The Loop: Pip pip cheerio
Welcome to The Loop, the Magazine's letters column, including the best of your thoughts from Twitter and Facebook.
This week, the pips - the hourly sound marker broadcast on BBC stations - turned 90. Sam Judah looked back at a familiar sound. A number of readers contacted us regarding the delivery of the pips on digital and analogue.
"I would like to know which pips are right. We have a digital radio and an analogue radio," asked Nigel Hunt from South Wingfield. "The latter is about five seconds ahead of the former. What time is it?"
George Hubbard, from Ely in Cambridgeship, was equally puzzled: "Understand it's the final pip which signals the precise time but I hear the final pip twice, first on my analogue radio and then on my digital radio. Which one is correct?"
The Loop trundled off down the corridors of Broadcasting House to the boffins in the radio control room. Before we reveal the answer, here's a bit of history.
In the old days, accuracy was sacrosanct so the pips were sent ever so slightly ahead of time from the BBC in London to Scotland - which was a delay of "tens of milliseconds". When they reached Scotland, the time was accurate and the pips were broadcast.
Nowadays, the pips you hear on analogue radio - FM, MW, LW - are accurate (although they no longer go via Scotland). Digital broadcast - DAB on radio, or DTT, such as Freeview and Dsat - have "greater latency". To you and me, that's how much time it takes for a packet of data to get from one designated point to another. DAB has the greatest pip lag out of this log. But pips broadcast via the radio online are the least accurate, according to the boffins.
Graham Barrow, from Luton, who already knew the answer, asked "Should DAB take over and FM be taken off the air, will the pips be rescheduled to allow for the time difference?"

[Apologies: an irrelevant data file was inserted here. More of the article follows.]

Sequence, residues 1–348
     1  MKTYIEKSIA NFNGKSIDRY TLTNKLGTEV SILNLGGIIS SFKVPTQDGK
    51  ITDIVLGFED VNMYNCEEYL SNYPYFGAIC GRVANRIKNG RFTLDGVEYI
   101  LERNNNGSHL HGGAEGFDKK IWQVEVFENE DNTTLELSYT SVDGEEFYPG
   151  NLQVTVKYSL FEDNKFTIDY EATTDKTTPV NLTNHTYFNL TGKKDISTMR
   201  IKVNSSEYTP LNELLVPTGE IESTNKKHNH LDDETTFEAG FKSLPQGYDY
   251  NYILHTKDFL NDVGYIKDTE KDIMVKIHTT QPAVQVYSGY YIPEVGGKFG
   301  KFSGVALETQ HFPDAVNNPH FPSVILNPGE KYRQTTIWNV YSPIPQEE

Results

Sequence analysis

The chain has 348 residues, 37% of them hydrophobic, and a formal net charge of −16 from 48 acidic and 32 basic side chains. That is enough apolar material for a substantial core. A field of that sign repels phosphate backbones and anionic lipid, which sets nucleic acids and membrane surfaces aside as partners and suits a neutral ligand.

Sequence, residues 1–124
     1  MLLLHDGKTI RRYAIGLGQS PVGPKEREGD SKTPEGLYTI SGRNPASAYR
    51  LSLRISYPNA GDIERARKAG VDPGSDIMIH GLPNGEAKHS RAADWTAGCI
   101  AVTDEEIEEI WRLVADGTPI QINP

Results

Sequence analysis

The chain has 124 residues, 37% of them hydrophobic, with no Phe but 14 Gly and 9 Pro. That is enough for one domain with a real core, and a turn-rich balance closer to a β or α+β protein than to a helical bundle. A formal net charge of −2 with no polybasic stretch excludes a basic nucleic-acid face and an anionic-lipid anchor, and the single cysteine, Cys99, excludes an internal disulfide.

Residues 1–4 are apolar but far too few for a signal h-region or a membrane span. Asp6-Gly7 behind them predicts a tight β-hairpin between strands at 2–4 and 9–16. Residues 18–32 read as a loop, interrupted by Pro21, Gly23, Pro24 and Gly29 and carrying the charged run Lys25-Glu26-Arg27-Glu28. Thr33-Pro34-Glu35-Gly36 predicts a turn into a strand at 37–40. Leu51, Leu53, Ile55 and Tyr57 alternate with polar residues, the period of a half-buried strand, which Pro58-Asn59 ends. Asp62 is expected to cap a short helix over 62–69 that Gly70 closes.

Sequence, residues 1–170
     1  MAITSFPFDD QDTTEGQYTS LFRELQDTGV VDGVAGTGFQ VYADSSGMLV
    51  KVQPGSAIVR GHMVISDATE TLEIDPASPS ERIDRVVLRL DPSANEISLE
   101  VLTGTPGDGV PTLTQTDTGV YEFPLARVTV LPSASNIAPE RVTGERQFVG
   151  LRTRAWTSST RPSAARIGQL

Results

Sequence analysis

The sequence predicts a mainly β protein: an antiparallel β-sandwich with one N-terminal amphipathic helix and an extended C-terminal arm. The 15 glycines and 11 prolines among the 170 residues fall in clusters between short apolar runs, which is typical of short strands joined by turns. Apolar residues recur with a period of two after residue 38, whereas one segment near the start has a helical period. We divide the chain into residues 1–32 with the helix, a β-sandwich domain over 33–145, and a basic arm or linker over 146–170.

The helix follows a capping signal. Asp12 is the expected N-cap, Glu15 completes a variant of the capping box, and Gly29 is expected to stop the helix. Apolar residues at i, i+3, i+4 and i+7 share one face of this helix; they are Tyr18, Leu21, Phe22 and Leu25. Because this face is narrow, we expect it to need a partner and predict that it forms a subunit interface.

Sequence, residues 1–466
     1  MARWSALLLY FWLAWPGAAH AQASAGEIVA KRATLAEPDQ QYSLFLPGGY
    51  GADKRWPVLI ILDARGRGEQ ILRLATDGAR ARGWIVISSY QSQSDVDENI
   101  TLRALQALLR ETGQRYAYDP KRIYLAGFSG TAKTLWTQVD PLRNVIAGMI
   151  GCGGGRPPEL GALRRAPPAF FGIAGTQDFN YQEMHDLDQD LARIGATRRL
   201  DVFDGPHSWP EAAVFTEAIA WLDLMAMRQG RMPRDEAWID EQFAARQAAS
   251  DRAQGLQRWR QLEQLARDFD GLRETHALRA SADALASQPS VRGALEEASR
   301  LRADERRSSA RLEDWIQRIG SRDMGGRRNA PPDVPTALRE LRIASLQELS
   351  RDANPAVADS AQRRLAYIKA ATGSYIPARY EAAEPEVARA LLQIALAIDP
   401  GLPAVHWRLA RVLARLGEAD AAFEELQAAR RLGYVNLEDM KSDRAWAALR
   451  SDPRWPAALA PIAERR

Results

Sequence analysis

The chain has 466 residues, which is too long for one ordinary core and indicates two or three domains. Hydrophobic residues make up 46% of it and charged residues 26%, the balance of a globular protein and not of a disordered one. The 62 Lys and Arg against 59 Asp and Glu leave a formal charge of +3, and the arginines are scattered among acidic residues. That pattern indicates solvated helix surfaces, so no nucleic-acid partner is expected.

The Loop was told that a while ago the BBC did go down the path of trying to make DAB accurate regarding the pips. "But you cannot connect it to ultimate accuracy, so there was little point in continuing," came the explanation from the control room. "With people having such high accuracy clocks, the need for having a critically accurate time source, such as the pips, isn't needed anymore."
Meanwhile, in our News From Elsewhere blog, we brought to attention a story about how Italian police had seized about a million "cashmere" garments containing rat fur.
Shock and revulsion was the overriding consensus on social media, although that didn't stop people from probing further.
"Disgusting... what's next a rat weave, or better yet rat toupee?" asked GlamourGal on Twitter.
"Ratsmere?" suggested Rune Hertz.
Others like Ian Miles saw no problem: "If it is clean then apart from selling it as cashmere, what is the issue....?"
"I like my rat socks," said a clearly concurring Ibrahim Muhammed on Facebook.
Candace Sleeman on Facebook began her how-to Guide by citing Blackadder: "As Baldrick would say: 'Well, you take the freshly shaved rat...'"
And if others weren't impressed by her pop culture knowledge, she rounded off with a reference to the 1932 film Taxi! - "A James Cagney inspired line of jumpers perhaps?" - referring to the film star's famous rat line. (On the other hand, did she realise that Cagney never actually said "You dirty rat!" in the film?)
Sticking with the animal world, The Magazine's Jon Kelly did some gonzo journalism as he "became the story" and tasted one of the latest arrivals to reach UK shores - camel milk coffee.
Unfortunately the scope for social media pun-play was stunted by the camel milk company themselves, naming their drinks "Camelatte" and "Camelccino", which are of course "camelicious".
Not to be deterred, Sprigov Parsley welcomed the new "dromedairy product", while Adrian Bamforth clearly needed to get something off his chest before he could continue with his day: "One hump or two? There, I've said it."